Victoria: At their heart, elections are about choices. This election Americans chose change. Many of us are rightfully concerned about the change that Donald Trump represents. There are good reasons to be worried about what this victory means, especially for women and minorities. Time will tell what effect the drastic change Americans chose will look like. Even with these concerns, it’s not hard to understand why Americans chose change.
We heard Americans talk about feeling left behind, left out, ignored and belittled. They were asking themselves ‘does government work for me?’ And now we know their answer.
The American people had good reason to want change. Just like us here in B.C. ordinary families have seen their lives get tougher every year. Just like here in B.C. where people are working harder, longer, and falling behind, Americans are suffering from a government and an economy that isn’t working for them.
I believe, that like Americans, British Columbians want change. However, we want change that reflects our values: fairness, equality, caring for each other and preparing for the future of our province and our people.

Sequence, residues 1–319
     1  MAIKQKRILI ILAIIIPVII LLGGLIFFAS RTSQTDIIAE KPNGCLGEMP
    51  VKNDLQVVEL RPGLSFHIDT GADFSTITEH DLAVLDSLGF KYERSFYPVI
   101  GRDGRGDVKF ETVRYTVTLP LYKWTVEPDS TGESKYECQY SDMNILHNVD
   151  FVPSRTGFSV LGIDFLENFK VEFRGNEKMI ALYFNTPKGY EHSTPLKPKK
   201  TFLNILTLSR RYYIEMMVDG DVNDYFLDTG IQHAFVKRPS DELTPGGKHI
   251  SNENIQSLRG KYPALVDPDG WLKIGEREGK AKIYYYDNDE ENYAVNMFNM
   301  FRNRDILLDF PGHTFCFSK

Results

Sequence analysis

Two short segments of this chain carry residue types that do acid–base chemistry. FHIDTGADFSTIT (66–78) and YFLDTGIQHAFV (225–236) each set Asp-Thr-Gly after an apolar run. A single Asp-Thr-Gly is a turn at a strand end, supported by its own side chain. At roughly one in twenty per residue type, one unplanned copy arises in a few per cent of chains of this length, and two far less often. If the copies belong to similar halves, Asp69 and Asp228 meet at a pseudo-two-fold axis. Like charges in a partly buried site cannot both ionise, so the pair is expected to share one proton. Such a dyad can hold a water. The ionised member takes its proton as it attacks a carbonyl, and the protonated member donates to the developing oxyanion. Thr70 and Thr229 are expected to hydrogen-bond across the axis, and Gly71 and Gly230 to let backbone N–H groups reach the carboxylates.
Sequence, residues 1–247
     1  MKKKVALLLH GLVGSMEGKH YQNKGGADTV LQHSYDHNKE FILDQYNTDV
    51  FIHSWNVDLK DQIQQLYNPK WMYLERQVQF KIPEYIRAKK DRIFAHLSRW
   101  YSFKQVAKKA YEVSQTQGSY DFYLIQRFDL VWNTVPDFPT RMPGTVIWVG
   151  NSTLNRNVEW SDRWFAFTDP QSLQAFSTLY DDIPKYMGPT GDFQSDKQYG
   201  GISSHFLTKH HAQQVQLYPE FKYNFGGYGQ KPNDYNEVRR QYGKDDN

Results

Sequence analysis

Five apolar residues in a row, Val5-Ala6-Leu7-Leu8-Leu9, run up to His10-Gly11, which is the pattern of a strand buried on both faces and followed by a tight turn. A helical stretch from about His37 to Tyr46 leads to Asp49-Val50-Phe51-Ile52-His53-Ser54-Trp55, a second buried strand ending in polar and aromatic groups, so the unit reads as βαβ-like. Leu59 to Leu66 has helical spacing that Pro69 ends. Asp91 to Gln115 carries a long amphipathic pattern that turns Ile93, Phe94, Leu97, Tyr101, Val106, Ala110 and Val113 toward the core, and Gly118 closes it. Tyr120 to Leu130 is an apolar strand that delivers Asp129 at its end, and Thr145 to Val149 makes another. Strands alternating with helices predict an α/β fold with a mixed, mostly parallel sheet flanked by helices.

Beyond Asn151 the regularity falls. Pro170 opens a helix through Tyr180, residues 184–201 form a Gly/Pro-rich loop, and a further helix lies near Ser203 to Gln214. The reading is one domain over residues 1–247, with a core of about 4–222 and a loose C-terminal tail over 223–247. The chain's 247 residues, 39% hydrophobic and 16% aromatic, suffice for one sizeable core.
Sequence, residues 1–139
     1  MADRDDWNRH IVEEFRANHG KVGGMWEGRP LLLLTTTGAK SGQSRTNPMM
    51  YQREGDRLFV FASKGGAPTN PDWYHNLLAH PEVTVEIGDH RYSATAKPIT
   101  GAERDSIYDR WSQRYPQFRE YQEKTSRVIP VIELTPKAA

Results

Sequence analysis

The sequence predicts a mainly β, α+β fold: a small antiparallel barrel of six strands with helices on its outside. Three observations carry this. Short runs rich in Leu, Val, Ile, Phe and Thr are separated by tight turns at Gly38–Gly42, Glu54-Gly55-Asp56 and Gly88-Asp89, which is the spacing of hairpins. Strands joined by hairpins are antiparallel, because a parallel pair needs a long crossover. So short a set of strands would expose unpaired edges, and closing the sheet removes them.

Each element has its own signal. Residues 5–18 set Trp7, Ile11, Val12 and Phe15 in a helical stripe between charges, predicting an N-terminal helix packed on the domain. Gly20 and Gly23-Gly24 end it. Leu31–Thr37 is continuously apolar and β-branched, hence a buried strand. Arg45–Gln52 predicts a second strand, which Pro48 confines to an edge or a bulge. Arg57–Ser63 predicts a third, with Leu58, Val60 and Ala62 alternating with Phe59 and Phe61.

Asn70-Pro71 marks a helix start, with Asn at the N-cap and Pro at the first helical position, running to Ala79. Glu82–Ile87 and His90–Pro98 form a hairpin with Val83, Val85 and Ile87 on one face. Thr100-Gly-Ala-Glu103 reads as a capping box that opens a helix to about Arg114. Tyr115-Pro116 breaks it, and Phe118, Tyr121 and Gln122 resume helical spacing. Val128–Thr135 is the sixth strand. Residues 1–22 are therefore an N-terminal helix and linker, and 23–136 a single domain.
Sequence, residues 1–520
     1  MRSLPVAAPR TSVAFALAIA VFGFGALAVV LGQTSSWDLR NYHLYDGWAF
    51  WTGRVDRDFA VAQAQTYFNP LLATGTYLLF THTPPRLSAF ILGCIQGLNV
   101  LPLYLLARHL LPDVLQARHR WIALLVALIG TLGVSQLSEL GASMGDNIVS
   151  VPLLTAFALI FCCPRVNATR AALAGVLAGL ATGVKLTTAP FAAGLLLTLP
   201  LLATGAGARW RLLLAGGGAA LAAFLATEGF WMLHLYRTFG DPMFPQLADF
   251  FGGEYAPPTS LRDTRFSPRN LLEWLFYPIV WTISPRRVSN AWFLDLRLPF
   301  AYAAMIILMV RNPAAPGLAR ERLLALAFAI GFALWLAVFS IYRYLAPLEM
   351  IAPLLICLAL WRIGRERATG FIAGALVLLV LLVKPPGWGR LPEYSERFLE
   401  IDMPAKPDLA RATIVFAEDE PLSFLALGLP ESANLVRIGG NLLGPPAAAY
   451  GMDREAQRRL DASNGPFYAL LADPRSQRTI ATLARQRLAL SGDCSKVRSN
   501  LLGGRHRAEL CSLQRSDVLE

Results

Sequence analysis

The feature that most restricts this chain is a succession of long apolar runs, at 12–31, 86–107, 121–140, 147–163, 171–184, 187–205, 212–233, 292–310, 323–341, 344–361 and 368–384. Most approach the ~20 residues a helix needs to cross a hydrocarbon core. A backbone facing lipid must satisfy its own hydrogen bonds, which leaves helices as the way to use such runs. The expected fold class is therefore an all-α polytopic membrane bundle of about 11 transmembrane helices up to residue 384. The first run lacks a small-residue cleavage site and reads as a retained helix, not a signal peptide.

We live in an abundant place. We can see the wealth all around us. Yet, after a decade and a half of B.C. Liberal neglect, and under Christy Clark’s leadership, we are becoming a province where only the rich can thrive. In the five years since Christy Clark became premier life has become a lot harder for British Columbians.
While those at the top reap the benefits, we have been left to wonder why we are falling behind. We’ve been left to wonder why in a province that is so prosperous and so wealthy, life is so hard. We’ve been left to wonder why our children are not being educated in real classrooms, in safe schools, in good repair.
We’ve been left to wonder why our elders are being abandoned in their time of need, why families are being left to struggle to find appropriate seniors’ care for those they love.
With such abundance in our province, why are we leaving people in mental health crisis? Why can’t families find affordable housing or access affordable child care?
These are the questions that have left British Columbians aching for change. I hope no one in B.C. wants to embrace the angry, sexist, prejudiced and divisive politics that carried Donald Trump to the White House.
But we do need to listen to British Columbians.
I’ve been listening. And what I’ve heard is that people in British Columbia want change, change we can be proud of. British Columbians want a fairer, more just province. A province where hard work is rewarded, where children don’t go to bed hungry, where families don’t stay up late at night wondering how they will afford rent and hydro.
We can embrace change without embracing hatred and fear. We can work together to make B.C. better.